Highlights of the Week


Subsea World News has put together a recap of the most interesting articles from the previous week (March 07 – March 13).


Subsea 7 and Technip to Dive for Det norske

Det norske has been given permission to carry out manned underwater operations in the period from January 1 to December 31, 2016.

Under framework agreement, diving operators Technip Norway and Subsea 7 will perform the work. Technip will be using DSV Skandi Arctic, and the light diving craft LDC Technip Seahunter. Subsea 7 will be using DSV Seven Falcon, DSV Seven Atlantic.


Oceaneering ROVs for Statoil

Oceaneering has been awarded an eight-year contract by Statoil to provide two work-class electric ROVs for CAT-J Platforms in the North Sea.

The new ROVs are currently being built in-house and called the eNovus. The eNovus will incorporate a new automated cartesian manipulator control system that enables the manipulator to be functioned in an XYZ plane as well as automated functionality.


Underwater Restaurant credits Google Images

Jumbo has installed the world’s largest underwater restaurant, located in Hurawalhi, Maldives.

At The Maldives, Jumbo moored the transport vessel alongside a shallow coral reef where the acrylic and steel structure for the world’s biggest underwater restaurant was lowered onto pre-installed concrete piles at a depth of about 10 meters.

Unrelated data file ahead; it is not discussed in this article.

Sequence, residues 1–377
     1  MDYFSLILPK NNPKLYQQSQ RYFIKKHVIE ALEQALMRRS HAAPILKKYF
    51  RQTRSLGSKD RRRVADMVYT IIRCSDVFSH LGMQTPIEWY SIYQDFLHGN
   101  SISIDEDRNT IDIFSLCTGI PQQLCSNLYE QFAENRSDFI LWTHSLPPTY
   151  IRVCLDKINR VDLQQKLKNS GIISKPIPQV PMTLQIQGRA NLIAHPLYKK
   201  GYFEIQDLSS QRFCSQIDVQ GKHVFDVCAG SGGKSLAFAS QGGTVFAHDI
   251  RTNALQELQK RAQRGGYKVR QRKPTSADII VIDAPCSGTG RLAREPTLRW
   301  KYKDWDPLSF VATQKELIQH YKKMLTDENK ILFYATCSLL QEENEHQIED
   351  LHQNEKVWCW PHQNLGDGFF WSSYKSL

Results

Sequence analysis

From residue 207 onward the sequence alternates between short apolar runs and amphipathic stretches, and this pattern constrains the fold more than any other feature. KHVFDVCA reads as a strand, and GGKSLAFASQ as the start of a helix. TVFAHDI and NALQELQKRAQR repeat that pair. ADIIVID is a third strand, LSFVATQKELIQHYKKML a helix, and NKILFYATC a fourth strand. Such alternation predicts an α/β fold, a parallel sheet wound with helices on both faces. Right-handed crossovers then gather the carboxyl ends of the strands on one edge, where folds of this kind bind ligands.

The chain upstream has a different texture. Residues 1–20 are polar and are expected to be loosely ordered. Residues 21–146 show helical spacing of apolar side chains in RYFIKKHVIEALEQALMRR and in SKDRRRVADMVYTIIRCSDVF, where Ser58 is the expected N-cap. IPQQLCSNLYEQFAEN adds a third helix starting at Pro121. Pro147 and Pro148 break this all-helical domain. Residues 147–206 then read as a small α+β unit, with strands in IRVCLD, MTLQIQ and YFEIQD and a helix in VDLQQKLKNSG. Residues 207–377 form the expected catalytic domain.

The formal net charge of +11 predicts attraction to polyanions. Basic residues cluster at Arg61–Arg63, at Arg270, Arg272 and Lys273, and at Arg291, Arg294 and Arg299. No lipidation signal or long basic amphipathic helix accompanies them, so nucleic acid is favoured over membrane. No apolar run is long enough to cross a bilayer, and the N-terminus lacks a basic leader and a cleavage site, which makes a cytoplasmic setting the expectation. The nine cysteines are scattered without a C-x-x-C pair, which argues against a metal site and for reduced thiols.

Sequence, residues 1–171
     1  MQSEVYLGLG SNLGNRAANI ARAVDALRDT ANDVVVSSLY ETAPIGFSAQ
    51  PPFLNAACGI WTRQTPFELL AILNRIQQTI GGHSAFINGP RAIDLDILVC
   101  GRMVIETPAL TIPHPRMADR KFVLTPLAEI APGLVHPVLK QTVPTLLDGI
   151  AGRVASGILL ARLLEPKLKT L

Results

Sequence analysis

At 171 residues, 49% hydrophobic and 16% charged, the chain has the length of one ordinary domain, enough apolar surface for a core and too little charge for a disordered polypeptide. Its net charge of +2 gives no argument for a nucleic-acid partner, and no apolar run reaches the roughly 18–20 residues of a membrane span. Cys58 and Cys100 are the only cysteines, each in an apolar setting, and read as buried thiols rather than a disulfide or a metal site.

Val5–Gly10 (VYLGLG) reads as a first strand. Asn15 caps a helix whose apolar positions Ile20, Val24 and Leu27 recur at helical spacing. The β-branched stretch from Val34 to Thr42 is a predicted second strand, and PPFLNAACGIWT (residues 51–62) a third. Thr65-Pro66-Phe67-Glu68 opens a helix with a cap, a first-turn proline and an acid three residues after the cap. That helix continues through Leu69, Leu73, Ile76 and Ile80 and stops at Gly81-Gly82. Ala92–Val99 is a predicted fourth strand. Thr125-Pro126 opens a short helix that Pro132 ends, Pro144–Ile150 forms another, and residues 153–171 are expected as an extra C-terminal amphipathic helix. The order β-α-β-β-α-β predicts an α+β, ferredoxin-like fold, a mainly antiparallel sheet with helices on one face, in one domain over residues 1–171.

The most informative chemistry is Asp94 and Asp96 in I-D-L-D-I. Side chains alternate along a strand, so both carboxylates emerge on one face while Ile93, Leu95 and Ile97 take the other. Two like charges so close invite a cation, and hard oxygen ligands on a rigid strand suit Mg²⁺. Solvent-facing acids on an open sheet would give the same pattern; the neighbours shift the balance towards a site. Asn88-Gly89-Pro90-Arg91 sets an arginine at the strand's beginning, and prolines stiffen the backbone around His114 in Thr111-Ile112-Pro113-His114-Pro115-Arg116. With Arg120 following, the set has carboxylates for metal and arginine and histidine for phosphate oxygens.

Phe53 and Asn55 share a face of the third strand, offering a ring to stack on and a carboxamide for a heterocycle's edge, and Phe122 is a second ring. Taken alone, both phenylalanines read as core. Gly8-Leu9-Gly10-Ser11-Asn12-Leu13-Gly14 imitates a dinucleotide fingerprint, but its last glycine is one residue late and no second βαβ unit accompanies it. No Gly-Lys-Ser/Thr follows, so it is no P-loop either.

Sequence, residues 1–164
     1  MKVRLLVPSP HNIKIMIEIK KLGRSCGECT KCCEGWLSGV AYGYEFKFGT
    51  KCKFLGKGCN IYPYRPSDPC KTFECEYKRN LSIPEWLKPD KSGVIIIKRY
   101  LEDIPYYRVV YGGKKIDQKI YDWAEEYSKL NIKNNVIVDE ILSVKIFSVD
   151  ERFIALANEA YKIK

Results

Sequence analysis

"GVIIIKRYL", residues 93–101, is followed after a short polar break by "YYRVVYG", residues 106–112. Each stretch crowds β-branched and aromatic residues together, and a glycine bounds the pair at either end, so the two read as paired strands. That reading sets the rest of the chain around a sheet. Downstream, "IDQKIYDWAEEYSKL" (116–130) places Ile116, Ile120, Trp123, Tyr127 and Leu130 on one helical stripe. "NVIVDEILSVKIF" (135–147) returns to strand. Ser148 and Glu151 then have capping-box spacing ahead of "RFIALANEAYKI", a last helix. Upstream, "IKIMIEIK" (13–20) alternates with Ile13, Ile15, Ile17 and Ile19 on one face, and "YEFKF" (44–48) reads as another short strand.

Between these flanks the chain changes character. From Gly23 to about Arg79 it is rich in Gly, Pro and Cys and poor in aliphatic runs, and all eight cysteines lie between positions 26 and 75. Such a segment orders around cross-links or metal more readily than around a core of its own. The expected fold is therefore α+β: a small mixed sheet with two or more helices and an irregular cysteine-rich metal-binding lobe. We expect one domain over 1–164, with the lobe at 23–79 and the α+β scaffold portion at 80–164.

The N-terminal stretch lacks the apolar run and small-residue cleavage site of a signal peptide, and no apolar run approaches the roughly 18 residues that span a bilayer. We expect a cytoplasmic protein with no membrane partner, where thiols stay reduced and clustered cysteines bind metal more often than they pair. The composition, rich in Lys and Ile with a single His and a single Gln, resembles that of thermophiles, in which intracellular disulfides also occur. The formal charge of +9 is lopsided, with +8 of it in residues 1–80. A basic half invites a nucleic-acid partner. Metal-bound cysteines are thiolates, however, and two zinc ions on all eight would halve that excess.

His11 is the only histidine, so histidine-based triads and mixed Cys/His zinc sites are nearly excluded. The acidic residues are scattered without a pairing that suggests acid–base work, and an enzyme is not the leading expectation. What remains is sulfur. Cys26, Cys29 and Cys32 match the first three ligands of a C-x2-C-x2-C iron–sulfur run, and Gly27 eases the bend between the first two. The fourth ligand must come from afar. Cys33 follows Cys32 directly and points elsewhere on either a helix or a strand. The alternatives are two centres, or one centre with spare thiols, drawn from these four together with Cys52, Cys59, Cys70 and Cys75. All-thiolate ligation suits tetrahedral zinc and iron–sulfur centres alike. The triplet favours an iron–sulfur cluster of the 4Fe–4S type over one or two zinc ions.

Photo: Stena

On Saturday, March 5, Shell Canada notified the Canada-Nova Scotia Offshore Petroleum Board (CNSOPB) of an operational incident on the Stena IceMAX drillship.

Shortly after the rig moved away from the well location, high waves and heave caused the riser tensioner system to release, resulting in the riser and lower marine riser package, which connect the rig to the well during drilling, to fall to the seabed.


Subsea Manufacturers to Feel Full Force of Downturn in 2016

A new report by energy research and consulting service, Douglas-Westwood (DW), predicts a major decline in deepwater oil and gas projects spending in the next four years.

Namely, DW anticipates deepwater expenditure to total $137 billion between 2016 and 2020. A rapid 35 per cent drop compared to DW’s previous deepwater forecast, covering the 2015-2019 period.


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